How an Island Oasis Became the Navy’s Coronavirus Epicenter

Strapped by the same problems facing health care workers around the world, including a limited supply of personal protective equipment, hospital beds and ventilators, Guam’s government now had to contend with how it would protect its own people and simultaneously support the Navy. “They’re the ones that are out there, protecting our waters,” Leon Guerrero said. With about two dozen Guam residents serving aboard the carrier, finding space was the “least we could do.”

When the Theodore Roosevelt arrived at Naval Base Guam, it brought not only a ship full of sick crew members, but a brewing political scandal. The ship’s commander, Capt. Brett E. Crozier, emailed a letter dated March 30 to at least 20 Navy officials about the Navy’s failures to support the aircraft carrier’s efforts to contain the outbreak, and it quickly leaked to the press. The controversy led to the swift removal of Crozier from command, followed by an impromptu trip to the Theodore Roosevelt by acting Navy secretary Thomas B. Modly, who gave a 15-minute speech to the ship’s crew during which he referred to Crozier as “naïve or stupid.” By the end of the week, Modly had resigned after his remarks prompted backlash from lawmakers, retired military leaders and the rank and file.

All the while, the carrier’s reported coronavirus cases have continued to climb. As of Friday, there were 447 infected sailors, one of whom is Crozier himself. A sailor who had been in isolation was admitted to intensive care at the base hospital on Thursday after he was found unresponsive.

If the number of sailors who require hospitalization grows, the base could quickly run out of space to provide proper treatment. Naval Hospital Guam has six I.C.U. beds and at least 15 ventilators, according to the Navy. An additional 12 acute care beds and six critical care beds with ventilators were added in the past two weeks. On base, the elementary and secondary schools, the gym, the Navy Lodge and some older barracks have been converted to housing for sick sailors. About 230 sailors and Marines from a Japan-based medical battalion arrived on the island earlier this week to help the Navy’s medical staff test and treat sailors.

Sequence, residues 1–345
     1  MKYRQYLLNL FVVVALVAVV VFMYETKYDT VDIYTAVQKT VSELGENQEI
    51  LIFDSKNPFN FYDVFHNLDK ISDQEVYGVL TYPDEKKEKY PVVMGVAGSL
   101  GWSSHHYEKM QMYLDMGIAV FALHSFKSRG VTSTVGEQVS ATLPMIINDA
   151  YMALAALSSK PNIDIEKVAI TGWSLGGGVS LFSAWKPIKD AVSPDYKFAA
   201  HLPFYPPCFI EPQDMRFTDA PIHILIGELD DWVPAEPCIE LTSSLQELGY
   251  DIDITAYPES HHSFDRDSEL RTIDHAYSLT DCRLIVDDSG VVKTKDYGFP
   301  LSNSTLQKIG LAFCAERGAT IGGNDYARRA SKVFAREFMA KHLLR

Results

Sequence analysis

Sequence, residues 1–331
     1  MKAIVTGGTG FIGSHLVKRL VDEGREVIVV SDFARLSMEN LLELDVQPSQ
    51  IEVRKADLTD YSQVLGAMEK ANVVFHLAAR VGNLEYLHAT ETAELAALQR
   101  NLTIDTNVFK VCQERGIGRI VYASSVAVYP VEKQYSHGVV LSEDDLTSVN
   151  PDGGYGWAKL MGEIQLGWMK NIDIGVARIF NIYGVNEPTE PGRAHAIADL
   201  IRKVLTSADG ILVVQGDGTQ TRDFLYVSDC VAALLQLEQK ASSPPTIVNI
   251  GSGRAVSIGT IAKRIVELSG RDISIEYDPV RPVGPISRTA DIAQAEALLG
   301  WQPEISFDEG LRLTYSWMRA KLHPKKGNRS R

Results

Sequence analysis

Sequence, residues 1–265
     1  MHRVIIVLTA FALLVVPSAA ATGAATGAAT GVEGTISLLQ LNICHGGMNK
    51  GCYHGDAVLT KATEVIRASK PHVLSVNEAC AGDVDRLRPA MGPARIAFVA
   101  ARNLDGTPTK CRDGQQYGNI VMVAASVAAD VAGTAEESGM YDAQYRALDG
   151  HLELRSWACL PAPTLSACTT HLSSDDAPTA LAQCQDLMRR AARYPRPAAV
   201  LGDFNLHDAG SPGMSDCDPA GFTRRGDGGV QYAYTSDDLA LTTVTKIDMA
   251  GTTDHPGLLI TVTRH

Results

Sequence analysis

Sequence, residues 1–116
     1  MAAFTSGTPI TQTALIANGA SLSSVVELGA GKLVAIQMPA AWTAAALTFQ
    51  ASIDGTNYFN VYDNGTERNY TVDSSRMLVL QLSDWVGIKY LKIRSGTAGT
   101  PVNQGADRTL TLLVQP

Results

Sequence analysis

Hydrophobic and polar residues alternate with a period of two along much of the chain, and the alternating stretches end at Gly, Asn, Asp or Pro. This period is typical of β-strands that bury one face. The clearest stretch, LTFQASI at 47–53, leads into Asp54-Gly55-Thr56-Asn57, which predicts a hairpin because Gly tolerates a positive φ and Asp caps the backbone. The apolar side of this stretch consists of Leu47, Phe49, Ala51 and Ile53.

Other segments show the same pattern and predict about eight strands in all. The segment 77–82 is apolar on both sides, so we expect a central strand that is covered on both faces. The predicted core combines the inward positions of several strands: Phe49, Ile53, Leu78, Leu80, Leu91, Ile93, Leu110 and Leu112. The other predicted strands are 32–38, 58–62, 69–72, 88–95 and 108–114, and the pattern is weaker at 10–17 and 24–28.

The Navy is in the process of testing every sailor on board, with results taking up to 96 hours. On Friday, a 20-year-old sailor who had been tested a few days earlier was still awaiting her results. For now, she spends part of her day cleaning the ship, a task for which she is issued gloves and a mask. With so many members of the crew off the boat, social distancing is easier. But her worries about her own test results are compounded by the concern she has for her family in New York, the current epicenter of the virus, and for her shipmates, including her former captain, who has become a symbol of strength for the crew.

“I’m angry, tired, exhausted,” she told The Times. “I just wanna give up. I’m hurting for myself, my friends, family, shipmates. I want the world to know how strong the U.S.S. Theodore Roosevelt is.”

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